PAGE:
It is also time for those who created the Frankenstein monster in the name of politics or whatever reason, to face the reality that the evil wind they sowed yesterday has birthed a whirlwind ravaging the North and the nation today. Honestly, Nigerian would not forget when some people threatened that, should Jonathan contest and win 2011 elections; they would make the country ungovernable for him. Everything he did was criticised. If one Boko Haram member was killed, they would accuse Jonathan of wanting to wipe out the North. Ironically, the same people who always criticised Jonathan but never proffered any solution on how the issue of terrorism could be tackled are now asking Nigerians to support Buhari against Boko Haram. These facts should be highlighted by the peace reporters to the masses to enable them contribute meaningfully to the fight against Boko Haram.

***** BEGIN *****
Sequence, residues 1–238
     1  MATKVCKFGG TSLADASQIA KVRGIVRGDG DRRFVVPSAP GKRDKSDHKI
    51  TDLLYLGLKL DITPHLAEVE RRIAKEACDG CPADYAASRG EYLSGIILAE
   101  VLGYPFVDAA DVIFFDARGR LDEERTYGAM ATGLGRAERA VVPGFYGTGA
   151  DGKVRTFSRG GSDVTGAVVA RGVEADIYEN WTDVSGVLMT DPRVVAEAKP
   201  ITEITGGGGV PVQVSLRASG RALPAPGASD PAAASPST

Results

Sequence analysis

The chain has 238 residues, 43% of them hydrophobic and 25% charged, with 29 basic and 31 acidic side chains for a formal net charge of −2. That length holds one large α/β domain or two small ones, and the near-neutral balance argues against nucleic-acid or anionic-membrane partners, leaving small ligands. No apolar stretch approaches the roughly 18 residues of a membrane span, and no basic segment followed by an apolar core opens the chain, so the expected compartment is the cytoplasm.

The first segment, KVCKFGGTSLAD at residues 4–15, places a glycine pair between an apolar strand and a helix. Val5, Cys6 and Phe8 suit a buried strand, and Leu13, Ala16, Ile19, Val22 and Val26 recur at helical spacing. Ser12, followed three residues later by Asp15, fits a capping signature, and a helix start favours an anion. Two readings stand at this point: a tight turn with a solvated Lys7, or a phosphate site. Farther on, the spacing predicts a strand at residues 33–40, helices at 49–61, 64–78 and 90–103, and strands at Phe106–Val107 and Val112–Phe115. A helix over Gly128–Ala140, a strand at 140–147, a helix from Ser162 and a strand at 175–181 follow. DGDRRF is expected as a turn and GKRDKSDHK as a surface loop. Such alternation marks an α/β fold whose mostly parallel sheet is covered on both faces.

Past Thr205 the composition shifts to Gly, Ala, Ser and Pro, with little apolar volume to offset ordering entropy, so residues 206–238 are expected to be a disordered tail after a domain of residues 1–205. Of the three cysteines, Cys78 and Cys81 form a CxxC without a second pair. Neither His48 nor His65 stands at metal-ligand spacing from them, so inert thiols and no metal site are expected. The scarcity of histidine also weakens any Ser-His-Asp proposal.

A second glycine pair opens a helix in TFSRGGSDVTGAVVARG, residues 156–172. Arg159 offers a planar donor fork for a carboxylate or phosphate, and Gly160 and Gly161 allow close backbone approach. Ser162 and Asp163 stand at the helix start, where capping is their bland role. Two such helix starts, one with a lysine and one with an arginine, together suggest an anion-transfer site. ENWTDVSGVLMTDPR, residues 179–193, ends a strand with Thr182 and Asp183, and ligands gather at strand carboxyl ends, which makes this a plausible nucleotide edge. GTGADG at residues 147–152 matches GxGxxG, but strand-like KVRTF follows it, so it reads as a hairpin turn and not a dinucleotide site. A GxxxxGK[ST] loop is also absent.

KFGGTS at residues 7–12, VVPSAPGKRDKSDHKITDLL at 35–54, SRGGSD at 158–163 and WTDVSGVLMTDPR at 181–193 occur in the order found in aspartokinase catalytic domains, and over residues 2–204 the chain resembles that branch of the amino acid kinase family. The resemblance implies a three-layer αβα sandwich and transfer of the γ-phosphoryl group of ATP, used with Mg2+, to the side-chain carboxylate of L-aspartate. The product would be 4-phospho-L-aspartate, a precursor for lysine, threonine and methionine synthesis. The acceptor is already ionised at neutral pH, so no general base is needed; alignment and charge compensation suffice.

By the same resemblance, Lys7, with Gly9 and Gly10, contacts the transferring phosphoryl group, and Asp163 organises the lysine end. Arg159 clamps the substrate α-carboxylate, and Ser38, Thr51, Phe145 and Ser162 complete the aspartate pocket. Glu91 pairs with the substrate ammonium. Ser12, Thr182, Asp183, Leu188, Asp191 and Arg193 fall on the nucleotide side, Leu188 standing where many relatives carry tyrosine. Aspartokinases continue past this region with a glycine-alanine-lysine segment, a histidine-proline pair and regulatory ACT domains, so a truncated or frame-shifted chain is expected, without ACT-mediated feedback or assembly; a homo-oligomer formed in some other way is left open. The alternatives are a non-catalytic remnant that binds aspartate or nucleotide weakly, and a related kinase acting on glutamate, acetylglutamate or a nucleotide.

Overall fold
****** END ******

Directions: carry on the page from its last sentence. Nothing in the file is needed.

A lawyer and public affairs analyst, Martins Agoziem, remarks that the issue of insecurity and terrorism in Nigeria had been so politicized that it would be a difficult nut to crack. He said that if Nigerians faced the issue of terrorism the way it tackled the Ebola virus, terrorism would have been drastically reduced. During the Ebola scare, everybody faced the problem with one spirit. There was no APC or PDP because Ebola did not know who was in party A or B and with the corporation of all Nigerians, Ebola was defeated. This implies that the war against Boko Haram can be won if all Nigerians come together without attachment to political or religious affiliations. A peace journalist should analyze how the war against Ebola was won and tell the people publicly that if the same strategies should be used to fight Boko Haram, we shall succeed.